The GOP highlighted several speakers during the week that had inspiring stories of building small businesses out of nothing, who risked what little they had to build companies that would become employers. One speaker, Sher Valenzuela, appeared in the early evening on Tuesday and set the tone for the rest of the convention. Valenzuela and her husband (a second-generation Mexican-American), devastated by their son’s autism diagnosis, started a business in order to pay for his care.

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The motto of the Republican Convention in Tampa last week was “We Built It.” Speakers repeated the line (sometimes to excess), videos were played on the theme, signs and banners lined the convention center. By the end of the week, nobody present in Tampa could be unaware that during a speech earlier this year, President Obama claimed that small business owners didn’t build their businesses alone.

The GOP highlighted several speakers during the week that had inspiring stories of building small businesses out of nothing, who risked what little they had to build companies that would become employers. One speaker, Sher Valenzuela, appeared in the early evening on Tuesday and set the tone for the rest of the convention. Valenzuela and her husband (a second-generation Mexican-American), devastated by their son’s autism diagnosis, started a business in order to pay for his care.

Her husband learned his craft from a mail-order course while in the army, and took what he learned about sewing from this course and turned it into an upholstery  business that, fifteen years later, would employ more than 70 people in a 70,000-square-foot factory in their home state of Delaware. Her speech was inspiring and uplifting, exactly what the convention was hoping to accomplish with this relatively unknown candidate for Lt. Governor of a state they in all likelihood will not be able to win.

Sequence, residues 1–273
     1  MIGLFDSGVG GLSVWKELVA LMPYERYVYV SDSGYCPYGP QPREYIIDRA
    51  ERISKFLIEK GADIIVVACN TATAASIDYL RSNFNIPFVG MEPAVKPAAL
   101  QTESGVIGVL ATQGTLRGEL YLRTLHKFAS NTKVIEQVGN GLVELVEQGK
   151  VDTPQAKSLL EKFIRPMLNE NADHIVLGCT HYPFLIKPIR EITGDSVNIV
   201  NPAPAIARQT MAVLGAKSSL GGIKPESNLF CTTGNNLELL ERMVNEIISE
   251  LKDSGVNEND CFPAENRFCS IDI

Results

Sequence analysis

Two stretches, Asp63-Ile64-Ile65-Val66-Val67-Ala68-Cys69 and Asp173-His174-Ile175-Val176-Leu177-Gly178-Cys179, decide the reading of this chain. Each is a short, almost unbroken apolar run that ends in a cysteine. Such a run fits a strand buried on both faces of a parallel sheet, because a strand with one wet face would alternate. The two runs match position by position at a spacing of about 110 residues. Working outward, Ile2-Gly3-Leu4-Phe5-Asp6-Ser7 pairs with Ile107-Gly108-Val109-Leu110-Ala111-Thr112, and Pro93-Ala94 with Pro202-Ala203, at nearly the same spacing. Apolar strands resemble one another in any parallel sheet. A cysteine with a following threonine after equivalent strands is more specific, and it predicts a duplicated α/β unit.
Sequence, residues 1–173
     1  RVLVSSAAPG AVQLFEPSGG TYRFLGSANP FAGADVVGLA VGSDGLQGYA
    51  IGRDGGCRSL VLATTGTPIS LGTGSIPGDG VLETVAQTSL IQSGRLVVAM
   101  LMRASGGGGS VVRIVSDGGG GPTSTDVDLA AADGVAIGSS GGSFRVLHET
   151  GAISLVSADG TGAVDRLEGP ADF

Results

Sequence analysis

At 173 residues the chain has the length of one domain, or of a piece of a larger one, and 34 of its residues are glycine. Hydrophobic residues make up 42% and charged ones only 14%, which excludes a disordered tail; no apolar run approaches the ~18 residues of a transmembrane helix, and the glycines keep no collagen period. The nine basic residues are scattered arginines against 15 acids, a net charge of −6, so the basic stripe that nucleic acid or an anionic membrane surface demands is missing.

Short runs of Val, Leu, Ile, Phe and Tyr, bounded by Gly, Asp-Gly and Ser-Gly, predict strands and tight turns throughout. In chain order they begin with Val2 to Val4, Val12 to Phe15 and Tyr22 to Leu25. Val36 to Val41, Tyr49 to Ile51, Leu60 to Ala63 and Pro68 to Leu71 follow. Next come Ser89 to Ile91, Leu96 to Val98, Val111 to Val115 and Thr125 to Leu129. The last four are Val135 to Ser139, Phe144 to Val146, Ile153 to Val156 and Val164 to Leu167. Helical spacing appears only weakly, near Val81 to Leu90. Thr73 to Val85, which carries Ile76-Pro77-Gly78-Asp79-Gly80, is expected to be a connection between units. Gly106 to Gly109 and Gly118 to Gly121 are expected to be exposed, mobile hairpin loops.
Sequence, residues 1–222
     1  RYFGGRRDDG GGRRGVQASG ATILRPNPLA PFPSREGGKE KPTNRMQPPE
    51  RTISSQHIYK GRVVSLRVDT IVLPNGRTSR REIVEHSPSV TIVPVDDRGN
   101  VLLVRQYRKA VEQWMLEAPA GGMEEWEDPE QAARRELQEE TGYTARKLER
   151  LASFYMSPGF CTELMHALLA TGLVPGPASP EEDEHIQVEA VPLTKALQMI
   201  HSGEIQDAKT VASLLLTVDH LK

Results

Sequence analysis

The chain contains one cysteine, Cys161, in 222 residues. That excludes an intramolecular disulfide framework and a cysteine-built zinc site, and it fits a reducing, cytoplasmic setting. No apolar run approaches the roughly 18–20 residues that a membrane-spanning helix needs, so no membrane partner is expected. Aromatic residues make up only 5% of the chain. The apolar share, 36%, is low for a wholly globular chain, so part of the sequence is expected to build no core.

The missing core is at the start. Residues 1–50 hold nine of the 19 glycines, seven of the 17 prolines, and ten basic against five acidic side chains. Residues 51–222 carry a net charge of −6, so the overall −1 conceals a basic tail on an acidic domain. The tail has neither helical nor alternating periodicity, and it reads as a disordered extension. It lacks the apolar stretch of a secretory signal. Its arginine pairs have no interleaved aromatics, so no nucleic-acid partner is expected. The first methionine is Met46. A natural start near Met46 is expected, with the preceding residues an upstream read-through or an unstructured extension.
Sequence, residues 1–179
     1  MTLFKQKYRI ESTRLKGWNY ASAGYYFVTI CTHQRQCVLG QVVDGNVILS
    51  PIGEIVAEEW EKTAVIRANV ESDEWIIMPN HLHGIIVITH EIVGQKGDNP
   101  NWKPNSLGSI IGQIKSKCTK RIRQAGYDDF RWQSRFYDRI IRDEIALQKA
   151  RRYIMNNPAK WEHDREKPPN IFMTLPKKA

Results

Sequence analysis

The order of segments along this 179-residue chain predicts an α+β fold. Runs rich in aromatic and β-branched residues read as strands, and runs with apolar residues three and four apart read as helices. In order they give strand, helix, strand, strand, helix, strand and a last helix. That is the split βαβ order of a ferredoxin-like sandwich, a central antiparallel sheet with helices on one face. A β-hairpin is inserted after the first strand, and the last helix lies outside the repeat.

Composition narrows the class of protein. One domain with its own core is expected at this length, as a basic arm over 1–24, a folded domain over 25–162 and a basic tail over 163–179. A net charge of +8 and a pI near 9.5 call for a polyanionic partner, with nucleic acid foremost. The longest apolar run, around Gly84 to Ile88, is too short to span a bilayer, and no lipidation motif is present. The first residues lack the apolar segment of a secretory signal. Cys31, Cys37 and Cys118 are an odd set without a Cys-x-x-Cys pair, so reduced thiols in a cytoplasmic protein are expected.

The next night, Paul Ryan also discussed his family’s rise from poverty. After his father passed away when Ryan was sixteen, his mother started a small business. He told the audience,

My Mom started a small business, and I’ve seen what it takes. Mom was 50 when my Dad died. She got on a bus every weekday for years, and rode 40 miles each morning to Madison. She earned a new degree and learned new skills to start her small business. It wasn’t just a new livelihood. It was a new life. And it transformed my Mom from a widow in grief to a small businesswoman whose happiness wasn’t just in the past. Her work gave her hope. It made our family proud. And to this day, my Mom is my role model.

Many of the GOP’s speakers from the three nights of the convention spoke about their family’s humble roots and their rise not only to positions of political power, but also to the role of small business owner and employer. The latter, being an employer, was valued more than that of being a politician, and those on stage made sure the audience was aware of that fact.

Contrast this with the speeches last night from the Democratic National Convention. Two speakers, San Antonio Mayor Julian Castro and First Lady Michelle Obama, also discussed the poverty of their upbringings. The difference between their speeches and that of Valenzuela and Ryan was that while the Republicans spent the evening discussing their rise from poverty, the Democrats dwelled on their former poverty. Castro and Michelle Obama could have spoken about their first jobs, their struggles (and triumphs), getting through college, the successes they’ve made of their lives, but they chose not to. While they both honored their parents’ sacrifices, which enabled them to have better lives, they did not discuss how they or their parents achieved personal success. Neither Castro nor Obama discussed any experiences in business, and Castro measured his success in terms of holding public office, but never explained how he came to occupy it.

The contrast between these four speeches is remarkable and they set the tone for both parties and their conventions. The Republicans went to extraordinary lengths to showcase their commitment to small business, personal responsibility and ingenuity. Democrats spent the evening making martyrs out of the poor without ever encouraging them to reach higher than their government-sponsored lots in life. Republicans showed themselves to be the party of making the poor rich, and Democrats are the party of the poor. Which will resonate more with lower-class voters?

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Julian Castro’s Dud: What Went Wrong